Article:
Mathias addresses Wor-Wic graduates
May 13, 2011

During commencement ceremonies for Wor-Wic Community College at the Wicomico Youth and Civic Center, Maryland Senator James N. "Jim" Mathias Jr. spoke about how his own experience as a community college student helped him discover his career path and become the first person in his family to graduate from college.

“In a brief way and hopefully memorable way, I’ll leave you with my memoirs regarding how fundamentally important a community college was and still is to me and really became my guiding light,” Mathias said.

Mathias, who got his start at Catonsville Community College, which is now Community College of Baltimore County, talked about how at first he was a “back of the classroom student” who was “preoccupied with many, many things other than really what I was there to do.” While taking a course in municipal government, however, he became “riveted” and discovered his educational and career path in politics. He transferred to the University of Maryland Baltimore County and became “the first Mathias to ever graduate from college.

“What you’ve learned here in the last two years in criminal justice, in nursing, in general education, is really going to make Maryland and the Eastern Shore even greater than it is today,” Mathias told the graduates. “I have great faith in you. I believe in you…. I know you’re going to take us to some of the greatest endeavors and some of our greatest accomplishments we’ve ever achieved.”

Mathias ended his remarks by saying, “just as a community college was my guiding light,…I know Dr. Hoy, all of our doctors, professors and friends have certainly been and will continue to be your guiding light. I ask you, please, please, show us the way….Keep this Eastern Shore of Maryland a great place to live.”

Velda E. Henry, vice chairperson of Wor-Wic’s board of trustees, introduced the commencement speaker, members of the board of trustees and other guests on stage. After the commencement address by Sen. Mathias, Dr. Ray Hoy, college president, presented him with a plaque on behalf of the 2011 graduating class.

Dr. Stephen L. Capelli, vice president for academic and student affairs, introduced the student speaker, Michelle Malinger of Wenona, an honors graduate with a 4.0 grade point average (GPA). She was a member of Wor-Wic’s Alpha Nu Omicron chapter of the Phi Theta Kappa (PTK) international honor society, the arts club and the role playing game association. She was a presenter at the recent Maryland Collegiate Honors Council conference and a participant at Student Advocacy Day. Malinger works part time for the honors program at Wor-Wic and at the Piercing Pagoda in the Centre at Salisbury.

Addressing the Class of 2011, Malinger congratulated her fellow graduates on their achievements: “Commencement is undoubtedly a reason to celebrate because you made the right decision and you have now earned a degree that no one can take away from you," she said. "And whatever happens after today, you will always share this achievement."

Malinger talked about how she came to Wor-Wic right after graduating from high school, knowing that this was “the smarter debt-free path.... and I can honestly say it was the best decision I’ve made regarding my education."

Referring to invitations she received to enroll in the honors program and join PTK shortly after applying to the college, Malinger said that she "didn’t just walk into Wor-Wic. I was invited in." As for the honors program, she said that she has "never been a part of a more challenging and rewarding program."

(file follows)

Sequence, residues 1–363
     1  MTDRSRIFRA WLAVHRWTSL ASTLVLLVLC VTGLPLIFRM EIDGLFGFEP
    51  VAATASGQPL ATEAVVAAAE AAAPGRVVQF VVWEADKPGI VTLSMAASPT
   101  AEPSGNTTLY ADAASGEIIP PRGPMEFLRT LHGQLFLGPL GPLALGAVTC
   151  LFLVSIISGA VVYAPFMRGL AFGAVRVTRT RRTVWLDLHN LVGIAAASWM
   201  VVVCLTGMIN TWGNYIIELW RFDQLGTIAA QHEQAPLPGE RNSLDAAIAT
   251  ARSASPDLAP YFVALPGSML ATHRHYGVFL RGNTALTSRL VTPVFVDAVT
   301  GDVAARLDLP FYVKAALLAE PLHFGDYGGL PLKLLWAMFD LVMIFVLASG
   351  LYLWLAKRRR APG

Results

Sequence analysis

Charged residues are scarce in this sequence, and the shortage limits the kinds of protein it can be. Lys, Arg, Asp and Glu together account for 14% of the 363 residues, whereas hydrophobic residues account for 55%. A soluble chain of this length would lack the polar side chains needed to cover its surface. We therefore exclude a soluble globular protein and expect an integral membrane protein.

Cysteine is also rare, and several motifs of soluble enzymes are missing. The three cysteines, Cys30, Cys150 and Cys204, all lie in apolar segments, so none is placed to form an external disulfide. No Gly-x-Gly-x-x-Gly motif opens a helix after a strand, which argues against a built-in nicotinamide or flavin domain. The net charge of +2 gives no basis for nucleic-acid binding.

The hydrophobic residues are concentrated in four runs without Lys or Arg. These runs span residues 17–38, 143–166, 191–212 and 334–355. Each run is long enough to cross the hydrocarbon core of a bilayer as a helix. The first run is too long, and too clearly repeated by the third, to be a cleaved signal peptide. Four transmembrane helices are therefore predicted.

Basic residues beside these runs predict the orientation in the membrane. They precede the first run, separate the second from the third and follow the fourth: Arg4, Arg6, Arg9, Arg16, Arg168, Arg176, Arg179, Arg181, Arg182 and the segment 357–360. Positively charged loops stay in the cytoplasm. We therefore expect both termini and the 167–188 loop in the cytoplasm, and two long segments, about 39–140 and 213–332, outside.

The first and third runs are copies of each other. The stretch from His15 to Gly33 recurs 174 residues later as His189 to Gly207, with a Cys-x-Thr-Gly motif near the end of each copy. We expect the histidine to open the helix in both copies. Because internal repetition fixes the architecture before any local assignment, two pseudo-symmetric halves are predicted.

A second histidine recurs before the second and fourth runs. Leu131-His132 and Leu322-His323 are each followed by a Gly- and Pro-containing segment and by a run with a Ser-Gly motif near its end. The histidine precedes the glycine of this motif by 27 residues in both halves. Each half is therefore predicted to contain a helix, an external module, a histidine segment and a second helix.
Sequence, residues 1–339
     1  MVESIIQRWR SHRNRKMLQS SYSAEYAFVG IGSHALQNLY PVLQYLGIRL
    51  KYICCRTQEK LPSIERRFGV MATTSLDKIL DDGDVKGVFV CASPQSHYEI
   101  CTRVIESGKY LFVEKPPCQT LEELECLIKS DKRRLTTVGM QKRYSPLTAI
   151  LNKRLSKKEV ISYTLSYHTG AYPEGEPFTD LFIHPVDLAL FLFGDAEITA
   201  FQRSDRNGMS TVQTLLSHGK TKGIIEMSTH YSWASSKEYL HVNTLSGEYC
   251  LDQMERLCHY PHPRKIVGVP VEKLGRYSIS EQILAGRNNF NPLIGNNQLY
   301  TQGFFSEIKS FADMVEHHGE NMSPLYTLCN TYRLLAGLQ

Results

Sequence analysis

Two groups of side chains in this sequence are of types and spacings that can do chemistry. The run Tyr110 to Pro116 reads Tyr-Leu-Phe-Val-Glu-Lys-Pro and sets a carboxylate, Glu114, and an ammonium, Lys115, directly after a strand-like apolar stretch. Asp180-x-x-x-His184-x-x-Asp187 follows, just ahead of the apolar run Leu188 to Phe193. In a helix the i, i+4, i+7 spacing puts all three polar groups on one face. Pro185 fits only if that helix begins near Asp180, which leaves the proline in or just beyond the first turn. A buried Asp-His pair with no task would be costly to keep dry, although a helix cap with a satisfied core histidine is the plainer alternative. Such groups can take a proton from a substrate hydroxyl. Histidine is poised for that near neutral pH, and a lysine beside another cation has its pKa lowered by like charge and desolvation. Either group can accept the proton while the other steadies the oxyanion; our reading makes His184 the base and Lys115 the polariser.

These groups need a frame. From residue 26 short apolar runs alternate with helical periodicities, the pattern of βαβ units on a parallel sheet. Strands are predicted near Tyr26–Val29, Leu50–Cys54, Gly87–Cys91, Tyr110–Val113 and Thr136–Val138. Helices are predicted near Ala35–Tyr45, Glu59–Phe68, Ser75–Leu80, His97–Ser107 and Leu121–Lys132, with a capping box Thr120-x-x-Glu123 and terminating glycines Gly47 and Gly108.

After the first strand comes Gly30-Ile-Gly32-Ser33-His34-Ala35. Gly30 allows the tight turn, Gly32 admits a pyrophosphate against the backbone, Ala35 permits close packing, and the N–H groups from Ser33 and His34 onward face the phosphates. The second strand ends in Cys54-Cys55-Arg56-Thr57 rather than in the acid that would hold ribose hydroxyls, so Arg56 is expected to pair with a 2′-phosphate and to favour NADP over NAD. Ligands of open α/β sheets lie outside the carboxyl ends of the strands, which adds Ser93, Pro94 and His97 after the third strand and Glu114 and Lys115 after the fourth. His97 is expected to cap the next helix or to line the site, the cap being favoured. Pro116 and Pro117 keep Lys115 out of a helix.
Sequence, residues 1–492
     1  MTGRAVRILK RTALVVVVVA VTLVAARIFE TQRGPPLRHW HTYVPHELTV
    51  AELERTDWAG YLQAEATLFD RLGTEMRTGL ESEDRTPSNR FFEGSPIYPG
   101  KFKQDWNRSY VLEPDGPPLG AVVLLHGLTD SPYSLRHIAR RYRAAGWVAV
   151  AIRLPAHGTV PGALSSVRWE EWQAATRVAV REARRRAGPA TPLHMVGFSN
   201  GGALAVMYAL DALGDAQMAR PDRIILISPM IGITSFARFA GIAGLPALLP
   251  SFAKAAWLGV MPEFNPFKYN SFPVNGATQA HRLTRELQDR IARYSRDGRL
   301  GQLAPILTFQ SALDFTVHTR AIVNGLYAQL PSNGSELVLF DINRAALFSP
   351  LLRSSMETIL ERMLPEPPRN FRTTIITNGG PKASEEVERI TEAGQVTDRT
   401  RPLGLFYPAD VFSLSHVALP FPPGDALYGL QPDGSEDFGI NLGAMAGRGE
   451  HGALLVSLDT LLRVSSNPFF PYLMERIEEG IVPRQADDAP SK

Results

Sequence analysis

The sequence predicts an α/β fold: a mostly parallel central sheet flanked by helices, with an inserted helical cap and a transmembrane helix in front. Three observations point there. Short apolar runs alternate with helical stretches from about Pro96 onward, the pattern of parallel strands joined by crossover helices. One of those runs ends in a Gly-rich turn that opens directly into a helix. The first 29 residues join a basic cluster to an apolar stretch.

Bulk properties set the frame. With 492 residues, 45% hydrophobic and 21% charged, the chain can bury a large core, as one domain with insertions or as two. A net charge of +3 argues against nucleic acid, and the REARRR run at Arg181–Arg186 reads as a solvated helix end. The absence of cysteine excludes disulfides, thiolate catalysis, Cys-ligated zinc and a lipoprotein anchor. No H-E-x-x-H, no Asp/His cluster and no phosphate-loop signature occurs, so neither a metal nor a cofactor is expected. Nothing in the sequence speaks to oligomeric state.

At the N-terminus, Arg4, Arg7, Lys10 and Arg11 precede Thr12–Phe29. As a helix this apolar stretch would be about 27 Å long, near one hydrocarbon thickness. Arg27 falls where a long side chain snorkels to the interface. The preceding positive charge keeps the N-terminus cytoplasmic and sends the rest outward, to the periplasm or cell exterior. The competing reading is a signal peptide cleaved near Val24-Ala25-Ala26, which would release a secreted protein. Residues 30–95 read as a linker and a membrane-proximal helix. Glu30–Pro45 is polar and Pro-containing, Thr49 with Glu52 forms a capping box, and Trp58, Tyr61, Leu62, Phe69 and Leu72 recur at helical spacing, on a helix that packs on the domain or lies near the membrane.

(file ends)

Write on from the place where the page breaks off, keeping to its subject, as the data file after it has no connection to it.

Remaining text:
Malinger used Wor-Wic's slogan, “Start Here, Go Anywhere!” to talk about all of the places Wor-Wic has taken her. She said she is leaving with “only half of a bucket list and I hope the same can be said for most of you." She also challenged her fellow graduates to make their own lists of things they would have missed out on if they didn't come to Wor-Wic.

Malinger concluded her speech by saying: "So, I’d like to take the liberty to speak on behalf of all of the graduates of the class of 2011 when I summarize this day in just one extremely familiar phrase -- Thanks Wor-Wic.”

Malinger majored in general studies at Wor-Wic and plans to transfer to Goucher College in Baltimore to major in English and minor in communications. She says she looks forward to studying abroad and doing internships for television and radio stations.

General studies was the most popular major among members of the graduating class. Matt Molchan of Mardela Springs, 36, graduated with an associate of arts degree in general studies and a certificate of proficiency in construction engineering technology. Molchan saw an advancement opportunity at work that required more education than he had, so he juggled a full-time job, going to school and raising a family so that he could gain more experience and knowledge. The drafting, math and English classes he took early on helped him in his job right away, and within a short time, he was promoted from soil conservation technician to civil engineering technician for the National Resource Conservation Service. But, Molchan didn’t stop taking classes just because he earned a promotion. Molchan, a U.S. Air Force veteran, stayed at Wor-Wic to complete his degree and become the first person in his immediate family to graduate from college. Because the college’s new environmental science program options are so closely related to his job and the programs he just completed, Molchan plans to take a few additional courses to earn another degree at Wor-Wic. Once he has completed the environmental science courses he is interested in, he plans to transfer to a four-year university and major in civil engineering.

Following nursing as the second most popular major this year was education.